Squadoosh — Jack Black's voice acting almost single-handedly carries this nothing-new, family-friendly martial art comedy sequel
A while after the events in the previous film (2011), Master Shifu (Dustin Hoffman) decides to retire and passes his torch to the titular hero "Dragon Warrior" Po (Jack Black) as the teacher to the Furious Five members — Tigress (Angelina Jolie), Crane (David Cross), Mantis (Seth Rogen), Viper (Lucy Liu), and Monkey (Jackie Chan) — who have little respect for his teaching. Po reunites with his long-lost biological father, Li Shan (Bryan Cranston), who reveals that there's a hidden village full of pandas but that happiness doesn't last as a new enemy named Kai (J.K. Simmons) arrives to steal all masters' "chi" and Po is the only one left to stop him.
Let's face it — it's no Inside Out or Zootopia — it's not groundbreaking with great moral values, etc. With the same director Jennifer Yuh Nelson (co-directing with story artist Alessandro Carloni this time) and writers Jonathan Aibel & Glenn Berger (The SpongeBob Movie: Sponge Out of Water, Alvin and the Chipmunks sequels), it's basically pretty much the same plot about an old villain who comes out of no where and Po somehow is the only one who can learn how to stop him because he is how he is, a panda with "unpredictable" qualities such as being fat, lazy and embarrassing that'll catch a lot of experts off-guard. The only continuation that's necessary for a sequel is to finally reveal Po's actual father, which may be what the fans would probably love to see.
For non-fans like myself who didn't really like the franchise 'cause it felt like I was only rewatching all of the classic kung fu flicks again but with animals speaking in English instead, it boils down to whether or not it offers enough fun and laughter, and the answer is: yes, just enough to not suck again. Jack Black is basically being very Jack Black again and nothing more but it's the comical quality that he never fails to commit which makes the humour works so well here with its comedic timing. However, all of the other big names on the cast are sidelined with very minimal dialogues as usual, but we get to hear a lot from the new characters voiced by Bryan Cranston and J.K. Simmons, who did the job well.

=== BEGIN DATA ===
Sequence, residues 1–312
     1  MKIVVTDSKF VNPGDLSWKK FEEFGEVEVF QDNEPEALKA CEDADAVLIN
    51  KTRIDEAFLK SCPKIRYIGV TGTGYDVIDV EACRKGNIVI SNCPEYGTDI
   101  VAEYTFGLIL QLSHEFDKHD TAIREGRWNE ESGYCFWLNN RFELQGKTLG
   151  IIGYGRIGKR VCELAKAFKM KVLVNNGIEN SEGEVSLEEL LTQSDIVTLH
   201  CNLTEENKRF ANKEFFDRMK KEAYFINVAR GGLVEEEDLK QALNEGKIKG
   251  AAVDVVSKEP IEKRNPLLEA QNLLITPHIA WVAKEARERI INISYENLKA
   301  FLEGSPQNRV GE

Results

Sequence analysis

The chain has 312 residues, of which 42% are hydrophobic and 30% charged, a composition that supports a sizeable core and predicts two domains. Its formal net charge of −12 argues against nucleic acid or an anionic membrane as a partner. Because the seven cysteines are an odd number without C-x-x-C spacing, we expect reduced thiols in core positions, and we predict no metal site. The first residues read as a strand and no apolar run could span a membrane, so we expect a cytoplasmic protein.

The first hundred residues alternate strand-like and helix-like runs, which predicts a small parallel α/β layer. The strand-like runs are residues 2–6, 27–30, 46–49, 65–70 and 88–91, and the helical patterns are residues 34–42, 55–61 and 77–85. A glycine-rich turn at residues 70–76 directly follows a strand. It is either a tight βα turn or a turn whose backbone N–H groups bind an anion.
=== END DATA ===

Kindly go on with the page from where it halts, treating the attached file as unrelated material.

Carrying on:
Kung Fu Panda 3 has more than a couple of hilarious moments and it's self-aware enough that it'd make fun of itself as soon as a cheesy line is delivered. Along with some action and cute bunch of pandas in non-spectacular but decent CGI visuals, it makes this family-friendly animated film quite an entertaining watch, even if completely forgettable. I can imagine it being even funnier in Cantonese.
Malaysia censorship: It's a safe family cartoon. Don't worry about Jack Black.
To watch in 3D? There's IMAX 2D format being released here so I guess that means even they didn't think it's necessary to have it in 3D? Anyhow, I wouldn't say it'd bring anything extra to your viewing experience.
Second opinion: My friend Joel felt that it's okay too; quite funny.
Verdict: Pretty much the same shit but funnier than the previous one.
Rating: 3 / 5
Country / Languages: United States, China / English (or) Cantonese
Genre: Action comedy animation
Running Time: 95 minutes
Director: Jennifer Yuh, Alessandro Carloni
Screenwriters: Jonathan Aibel, Glenn Berger
Cast: Jack Black, Bryan Cranston, J.K, Simmons, Dustin Hoffman, David Cross, James Hong, Angelina Jolie, Seth Rogen
Malaysia Release Date: 10 March 2016
Local Distributor: 20th Century Fox Malaysia
Production: DreamWorks Animation, Oriental DreamWorks, China Media Capital, Shanghai Media Group
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